Kevin Berling
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December 24, 1944. During the last days of the Battle of the Bulge, American GIs help fleeing local residents load themselves and their belongings onto a truck. There were an estimated 3,000 civilian casualties during the conflict.  (Slate Magazine)

American GIs help fleeing local residents to load themselves and their belongings onto a truck during a lull in the fighting during the last days of the Battle of the Bulge. There were an estimated civilian casualties during the conflict.

Unpublished. Troops at the front in Belgium. When the Battle of the Bulge began, American forces had been feeling triumphant (Paris had just been liberated in August), and there was a sense among some American and other Allied leaders that Germany was all but defeated. The surprise attack in December 1944 — officially labeled the Ardennes-Alsace campaign by the U.S. Army — showed that any complacency whatsoever in the face of the still-formidable Wehrmacht was sadly and dangerously mis...

vintage everyday: Rare Images of the Battle of the Bulge - WWII Troops at the front in Belgium.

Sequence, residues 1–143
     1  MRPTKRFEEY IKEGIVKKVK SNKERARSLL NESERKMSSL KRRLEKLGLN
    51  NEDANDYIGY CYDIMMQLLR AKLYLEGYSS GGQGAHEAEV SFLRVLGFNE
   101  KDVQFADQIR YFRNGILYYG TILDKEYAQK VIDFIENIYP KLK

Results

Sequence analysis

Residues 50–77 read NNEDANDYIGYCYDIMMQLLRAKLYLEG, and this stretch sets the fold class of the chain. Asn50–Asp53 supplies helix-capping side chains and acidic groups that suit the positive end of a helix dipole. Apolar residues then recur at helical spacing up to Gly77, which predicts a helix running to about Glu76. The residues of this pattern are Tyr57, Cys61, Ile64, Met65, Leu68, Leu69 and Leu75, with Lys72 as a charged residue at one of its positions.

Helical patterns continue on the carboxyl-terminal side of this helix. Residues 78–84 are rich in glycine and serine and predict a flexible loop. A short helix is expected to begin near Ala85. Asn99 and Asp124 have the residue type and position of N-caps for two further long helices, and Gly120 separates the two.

Four American sodiers lie dead along a Belgian road during the Battle of the Bulge - December 1944.

Four American soldiers lie dead along a Belgian road during the Battle of the Bulge - December WWII

Ardennes Offensive, the Allied Counter Attack 25 December 1944 - 28 January 1945: Belgian civilians carrying personal possessions flee as the Germans opened an artillery barrage against Langlir in an attempt to halt the American drive on Houffalize. Note the old man in the background trying to keep up. The tragedy of the non-combatants.

The Allied Counter Attack 25 December 1944 - 28 January Belgian civilians carrying personal possessions flee as the Germans opened an artillery barrage against Langlir in an attempt to halt the American drive on Houffalize.